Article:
Interaction of NDPK-D with cardiolipin-containing membranes: Structural basis and implications for mitochondrial physiology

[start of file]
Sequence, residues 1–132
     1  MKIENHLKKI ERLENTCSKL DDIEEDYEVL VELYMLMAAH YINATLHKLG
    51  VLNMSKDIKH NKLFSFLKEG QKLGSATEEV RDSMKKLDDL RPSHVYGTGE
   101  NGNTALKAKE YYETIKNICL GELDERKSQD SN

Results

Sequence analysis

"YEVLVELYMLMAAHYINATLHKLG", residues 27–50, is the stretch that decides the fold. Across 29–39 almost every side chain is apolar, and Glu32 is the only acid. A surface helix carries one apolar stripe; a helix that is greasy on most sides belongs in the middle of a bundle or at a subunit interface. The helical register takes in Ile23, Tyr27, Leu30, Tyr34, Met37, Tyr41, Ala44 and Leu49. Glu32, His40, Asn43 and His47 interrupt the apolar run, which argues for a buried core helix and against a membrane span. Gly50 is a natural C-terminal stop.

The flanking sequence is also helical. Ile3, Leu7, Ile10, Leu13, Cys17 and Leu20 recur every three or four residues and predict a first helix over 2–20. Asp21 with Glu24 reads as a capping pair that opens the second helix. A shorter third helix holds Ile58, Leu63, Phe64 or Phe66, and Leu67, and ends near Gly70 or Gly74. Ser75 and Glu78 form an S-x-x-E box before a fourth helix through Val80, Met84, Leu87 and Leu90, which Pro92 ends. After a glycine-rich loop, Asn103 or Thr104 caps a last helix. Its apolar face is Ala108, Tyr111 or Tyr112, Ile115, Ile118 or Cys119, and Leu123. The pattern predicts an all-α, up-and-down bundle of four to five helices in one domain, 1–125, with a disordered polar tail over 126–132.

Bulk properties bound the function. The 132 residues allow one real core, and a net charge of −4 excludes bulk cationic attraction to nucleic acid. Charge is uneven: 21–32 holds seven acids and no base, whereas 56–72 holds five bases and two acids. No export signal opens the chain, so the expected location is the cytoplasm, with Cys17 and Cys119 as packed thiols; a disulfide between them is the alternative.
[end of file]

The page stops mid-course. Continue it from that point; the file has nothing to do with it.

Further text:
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Nucleoside diphosphate kinases (NDPKs/Nm23), responsible for intracellular di- and tri-phosphonucleoside homeostasis, play multi-faceted roles in cellular energetic, signaling, proliferation, differentiation and tumor invasion. The mitochondrial NDPK-D, the NME4 gene product, is a peripheral protein of the inner membrane. Several new aspects of the interaction of NDPK-D with the inner mitochondrial membrane have been recently characterized. Surface plasmon resonance analysis using recombinant NDPK-D and different phospholipid liposomes showed that NDPK-D interacts electrostatically with anionic phospholipids, with highest affinity observed for cardiolipin, a phospholipid located mostly in the mitochondrial inner membrane. Mutation of the central arginine (R90) in a surface exposed cationic RRK motif unique to NDPK-D strongly reduced phospholipid interaction in vitro and in vivo. Stable expression of NDPK-D proteins in HeLa cells naturally almost devoid of this isoform revealed a tight functional coupling of NDPK-D with oxidative phosphorylation that depends on the membrane-bound state of the enzyme. Owing to its symmetrical hexameric structure exposing membrane binding motifs on two opposite sides, NDPK-D could bridge liposomes containing anionic phospholipids and promote lipid transfer between them. In vivo, NDPK-D could induce intermembrane contacts and facilitate lipid movements between mitochondrial membranes. Most of these properties are reminiscent to those of the mitochondrial creatine kinase. We review here the common properties of both kinases and we discuss their potential roles in mitochondrial functions such as energy production, apoptosis and mitochondrial dynamics.